Now a fifth set has been released, from the nation of Perish Island. The story goes that this island regularly sinks beneath the water and now has submersible houses on it (please read the whole fantastic story of why this happens here). Following this story the banknotes have been made of a waterproof polymer material. The front of the notes shows half of the portraits above water, while the backs shows the other half of the portrait under water. Front and back put together makes the portrait complete. How brilliant is that?
The Hong Kong Monetary Authority has started the development of a new series of banknotes according to this interesting article in the South China Morning Post. The preparation for the new series will be finished in two to three years.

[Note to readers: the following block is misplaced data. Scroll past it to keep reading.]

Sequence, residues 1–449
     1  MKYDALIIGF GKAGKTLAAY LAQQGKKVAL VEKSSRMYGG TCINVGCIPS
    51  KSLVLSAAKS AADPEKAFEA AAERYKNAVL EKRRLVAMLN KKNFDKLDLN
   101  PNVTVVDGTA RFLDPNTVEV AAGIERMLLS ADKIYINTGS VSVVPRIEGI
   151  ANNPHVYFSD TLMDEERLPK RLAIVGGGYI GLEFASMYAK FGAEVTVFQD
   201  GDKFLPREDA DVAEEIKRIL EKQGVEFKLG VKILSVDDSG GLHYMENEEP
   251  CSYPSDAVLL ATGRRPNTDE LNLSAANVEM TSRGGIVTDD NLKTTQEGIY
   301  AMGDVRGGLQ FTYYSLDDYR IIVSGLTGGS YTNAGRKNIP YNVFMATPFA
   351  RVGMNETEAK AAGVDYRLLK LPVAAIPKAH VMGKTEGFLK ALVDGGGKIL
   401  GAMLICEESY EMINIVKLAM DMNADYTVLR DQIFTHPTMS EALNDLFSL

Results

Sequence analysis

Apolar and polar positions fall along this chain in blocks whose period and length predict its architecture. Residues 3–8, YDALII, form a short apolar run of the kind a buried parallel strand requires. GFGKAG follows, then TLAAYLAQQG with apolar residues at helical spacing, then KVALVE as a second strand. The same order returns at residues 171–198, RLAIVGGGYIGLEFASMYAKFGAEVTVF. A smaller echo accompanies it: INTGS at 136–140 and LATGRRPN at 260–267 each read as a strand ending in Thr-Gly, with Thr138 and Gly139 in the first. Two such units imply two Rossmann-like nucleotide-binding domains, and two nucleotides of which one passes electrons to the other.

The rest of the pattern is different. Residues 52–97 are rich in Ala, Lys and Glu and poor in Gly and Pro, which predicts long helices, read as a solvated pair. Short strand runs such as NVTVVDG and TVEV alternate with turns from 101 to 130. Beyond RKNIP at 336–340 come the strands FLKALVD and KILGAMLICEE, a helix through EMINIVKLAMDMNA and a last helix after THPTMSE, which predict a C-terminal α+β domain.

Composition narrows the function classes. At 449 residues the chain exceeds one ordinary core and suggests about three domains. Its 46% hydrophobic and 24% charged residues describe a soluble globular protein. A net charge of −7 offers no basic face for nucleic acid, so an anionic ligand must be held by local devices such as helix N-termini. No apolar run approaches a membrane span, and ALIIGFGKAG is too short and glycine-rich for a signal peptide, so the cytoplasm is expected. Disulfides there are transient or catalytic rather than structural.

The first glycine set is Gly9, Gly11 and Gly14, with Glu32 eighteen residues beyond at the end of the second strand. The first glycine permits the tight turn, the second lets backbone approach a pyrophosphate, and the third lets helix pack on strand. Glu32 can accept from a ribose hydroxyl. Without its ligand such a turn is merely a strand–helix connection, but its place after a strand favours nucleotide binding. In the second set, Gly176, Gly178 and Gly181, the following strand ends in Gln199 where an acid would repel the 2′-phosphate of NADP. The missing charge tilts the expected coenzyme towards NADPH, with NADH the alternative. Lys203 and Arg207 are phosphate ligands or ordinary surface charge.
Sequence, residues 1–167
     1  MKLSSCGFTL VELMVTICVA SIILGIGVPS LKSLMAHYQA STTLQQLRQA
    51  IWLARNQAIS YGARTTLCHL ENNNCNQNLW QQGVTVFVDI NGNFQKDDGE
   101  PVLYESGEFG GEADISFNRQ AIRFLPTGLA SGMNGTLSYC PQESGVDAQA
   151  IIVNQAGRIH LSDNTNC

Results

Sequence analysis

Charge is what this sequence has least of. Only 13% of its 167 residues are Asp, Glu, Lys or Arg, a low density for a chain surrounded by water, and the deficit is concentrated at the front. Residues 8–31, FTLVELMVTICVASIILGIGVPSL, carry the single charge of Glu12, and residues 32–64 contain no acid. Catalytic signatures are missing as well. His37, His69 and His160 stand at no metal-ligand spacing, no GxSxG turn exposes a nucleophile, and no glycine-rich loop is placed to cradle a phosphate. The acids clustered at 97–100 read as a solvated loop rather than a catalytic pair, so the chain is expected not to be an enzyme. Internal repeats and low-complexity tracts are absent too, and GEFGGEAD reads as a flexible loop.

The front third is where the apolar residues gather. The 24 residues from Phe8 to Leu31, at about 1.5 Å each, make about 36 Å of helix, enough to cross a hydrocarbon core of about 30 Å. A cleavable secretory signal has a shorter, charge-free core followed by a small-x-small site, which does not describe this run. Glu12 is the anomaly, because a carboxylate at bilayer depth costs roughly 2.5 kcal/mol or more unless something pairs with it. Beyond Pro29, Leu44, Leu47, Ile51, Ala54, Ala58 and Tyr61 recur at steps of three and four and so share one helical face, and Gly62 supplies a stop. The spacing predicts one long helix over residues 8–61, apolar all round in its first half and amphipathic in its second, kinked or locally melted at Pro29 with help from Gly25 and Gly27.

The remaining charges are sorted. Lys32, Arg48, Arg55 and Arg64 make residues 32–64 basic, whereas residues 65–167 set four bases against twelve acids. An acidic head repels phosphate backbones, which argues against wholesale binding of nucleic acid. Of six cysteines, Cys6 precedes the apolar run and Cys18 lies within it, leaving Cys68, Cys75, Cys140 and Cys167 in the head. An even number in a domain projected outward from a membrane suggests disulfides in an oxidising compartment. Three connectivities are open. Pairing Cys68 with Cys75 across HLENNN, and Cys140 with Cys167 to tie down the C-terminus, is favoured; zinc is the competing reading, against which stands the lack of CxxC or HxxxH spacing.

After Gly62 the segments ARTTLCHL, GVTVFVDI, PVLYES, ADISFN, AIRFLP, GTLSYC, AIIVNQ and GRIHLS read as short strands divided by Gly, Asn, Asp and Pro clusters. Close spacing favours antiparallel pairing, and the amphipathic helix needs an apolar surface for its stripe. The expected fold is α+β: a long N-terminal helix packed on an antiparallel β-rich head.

"We have just started to prepare for the launch of a new series of banknote," [Monetary Authority chief executive Norman Chan Tak-lam] said at the printing plant. "We expect the whole preparation process may need two to three years as we need time to search for and buy the most advanced security features for the banknotes, while the three note-issuing banks would also need time for their designers to do the design.
The Hong Kong government issues the city's HK$10 banknotes and allows the three note-issuing banks - HSBC, Standard Chartered and Bank of China (Hong Kong) - to appoint their own designers for banknotes denominated from HK$20 to HK$1,000."
The National Bank of Cambodia has issued a new commemorative banknote of 10,000 riels. The new note has been issued to commemorate the 62nd birthday of King Norodom Sihamoni who is depicted on the front of the note. The back of the shows Neak Pean ("Entwined Serpents"), the archeological ruins of a Buddhist temple on an island in Preah Khan Baray, Angkor together with a statue of a horse located at the temple called Balaha.